The subtle dogwhistle in Trump’s belated condemnation of white supremacists

He's still equivocating.

President Donald Trump pauses while speaking in the Diplomatic Reception Room of the White House in Washington, Monday, Aug. 14, 2017. CREDIT: AP Photo/Evan Vucci
President Donald Trump pauses while speaking in the Diplomatic Reception Room of the White House in Washington, Monday, Aug. 14, 2017. CREDIT: AP Photo/Evan Vucci

President Donald Trump finally condemned by name members of the KKK, neo-Nazis, and white supremacists who rallied in Charlottesville, Virginia over the weekend. But despite finally doing so two days after an anti-white supremacist protester was murdered, Trump’s statement still leaned into “all lives matter” rhetoric he used on Saturday.

It took two days for Trump, who often criticized former President Barack Obama for not saying “radical Islamic terrorism,” to explicitly condemn white supremacists, neo-Nazis, and the KKK.

Trump said Monday those who cause violence in the name of racism “including the KKK, neo-Nazis, white supremacists and other hate groups,” are “criminals and thugs.” It’s unclear who he was referring to by mentioning “other hate groups,” but many understood it as a veiled reference to anti-fascist groups and groups like Black Lives Matter.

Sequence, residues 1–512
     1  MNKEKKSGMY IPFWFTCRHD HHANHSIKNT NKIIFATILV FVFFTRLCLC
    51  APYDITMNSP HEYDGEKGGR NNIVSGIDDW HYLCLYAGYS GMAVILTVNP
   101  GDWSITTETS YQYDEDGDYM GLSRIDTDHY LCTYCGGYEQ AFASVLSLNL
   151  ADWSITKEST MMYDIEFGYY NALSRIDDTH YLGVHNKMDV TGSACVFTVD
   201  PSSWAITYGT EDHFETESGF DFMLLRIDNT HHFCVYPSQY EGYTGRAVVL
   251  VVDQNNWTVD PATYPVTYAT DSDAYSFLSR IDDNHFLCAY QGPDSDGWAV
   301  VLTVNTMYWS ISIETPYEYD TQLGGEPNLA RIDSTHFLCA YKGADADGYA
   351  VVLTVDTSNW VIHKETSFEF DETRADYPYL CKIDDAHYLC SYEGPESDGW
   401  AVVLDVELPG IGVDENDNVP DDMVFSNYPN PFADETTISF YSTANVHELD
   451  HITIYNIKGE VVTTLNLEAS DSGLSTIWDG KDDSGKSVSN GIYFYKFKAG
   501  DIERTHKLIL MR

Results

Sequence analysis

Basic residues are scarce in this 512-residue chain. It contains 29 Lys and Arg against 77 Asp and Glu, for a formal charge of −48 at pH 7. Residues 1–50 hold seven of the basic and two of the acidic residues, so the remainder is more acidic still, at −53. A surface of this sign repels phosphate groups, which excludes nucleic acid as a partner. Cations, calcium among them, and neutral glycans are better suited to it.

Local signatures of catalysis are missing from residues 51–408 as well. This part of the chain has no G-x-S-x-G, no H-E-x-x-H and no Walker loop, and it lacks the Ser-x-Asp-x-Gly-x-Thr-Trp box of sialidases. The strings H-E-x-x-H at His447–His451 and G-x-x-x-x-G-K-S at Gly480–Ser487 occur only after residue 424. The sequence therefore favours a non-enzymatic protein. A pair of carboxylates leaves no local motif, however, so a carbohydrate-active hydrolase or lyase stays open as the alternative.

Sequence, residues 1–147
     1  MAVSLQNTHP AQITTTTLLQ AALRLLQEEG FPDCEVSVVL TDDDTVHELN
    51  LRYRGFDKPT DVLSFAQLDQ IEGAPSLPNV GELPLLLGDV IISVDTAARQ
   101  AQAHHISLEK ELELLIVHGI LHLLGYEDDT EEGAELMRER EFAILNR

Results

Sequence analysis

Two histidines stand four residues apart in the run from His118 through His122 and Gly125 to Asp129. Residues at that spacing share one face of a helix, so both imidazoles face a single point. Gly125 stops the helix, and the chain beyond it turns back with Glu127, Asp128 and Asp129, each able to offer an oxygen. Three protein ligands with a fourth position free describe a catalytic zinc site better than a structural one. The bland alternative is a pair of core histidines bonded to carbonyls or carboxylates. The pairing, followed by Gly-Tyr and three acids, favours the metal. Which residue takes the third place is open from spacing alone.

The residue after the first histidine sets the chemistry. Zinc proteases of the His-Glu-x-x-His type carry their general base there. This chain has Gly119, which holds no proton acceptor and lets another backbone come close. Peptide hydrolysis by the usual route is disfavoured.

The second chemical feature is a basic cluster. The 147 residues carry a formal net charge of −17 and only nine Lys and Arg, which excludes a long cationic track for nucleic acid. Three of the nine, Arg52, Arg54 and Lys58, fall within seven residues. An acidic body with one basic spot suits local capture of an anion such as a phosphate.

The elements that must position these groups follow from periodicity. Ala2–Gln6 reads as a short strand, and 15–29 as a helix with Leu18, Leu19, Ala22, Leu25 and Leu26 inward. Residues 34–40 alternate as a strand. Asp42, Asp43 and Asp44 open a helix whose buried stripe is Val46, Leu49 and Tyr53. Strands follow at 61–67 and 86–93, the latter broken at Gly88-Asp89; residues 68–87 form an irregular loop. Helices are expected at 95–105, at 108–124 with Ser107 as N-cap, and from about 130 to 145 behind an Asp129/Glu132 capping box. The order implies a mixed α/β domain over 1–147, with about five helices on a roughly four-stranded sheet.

“To anyone who acted criminally in this weekend’s racist violence, you will be held fully accountable,” Trump added, “Justice will be delivered.”

Many white supremacists cheered Trump’s response to the violence in Charlottesville, while the president faced criticism from both ends of the political spectrum for not mentioning white supremacist groups when he first addressed the violence in Charlottesville, saying there were violent actors “on many sides.”

One woman, 32-year-old Heather Heyer, was killed on Saturday when a car drove into a group of peaceful counter-protesters. Twenty others were injured.

Trump has also hired a number of men with white nationalist ties to work in his administration. Sebastian Gorka, a national security adviser, is reportedly a sworn member of a Nazi-allied group in Hungary, and Steve Bannon, the president’s chief strategist, ran Breitbart, a right-wing website with a “Black Crime” section.

Trump did not take questions following his brief remarks Monday, despite promising Friday that he would hold a major press conference Monday.

*****

UPDATE: Forum members on Stormfront, a popular white nationalist website, applauded Trump’s comments Monday.

“He said the magic Anti-White words here. However, he did leave himself (and White Americans) a small out with the words … ‘and other hate groups,'” a poster called Tenniel wrote following Trump’s comments on Monday.

“No doubt we’ll see exactly what he means when we see whether Attorney General Sessions begins attacking patriotic White Americans — or the Anti-White communists and BLM folk who actually PERPETRATED the violence,” the poster added.

But Tenniel did say they wished the president would’ve gone further and named groups like Black Lives Matter specifically Monday.

“Disturbing that even Trump (who I think is a very brave man) is too cowed to speak open truth and NAME THE TRUE “HATE GROUP” in the Charlottesville Anti-White America Set-Up,” they wrote.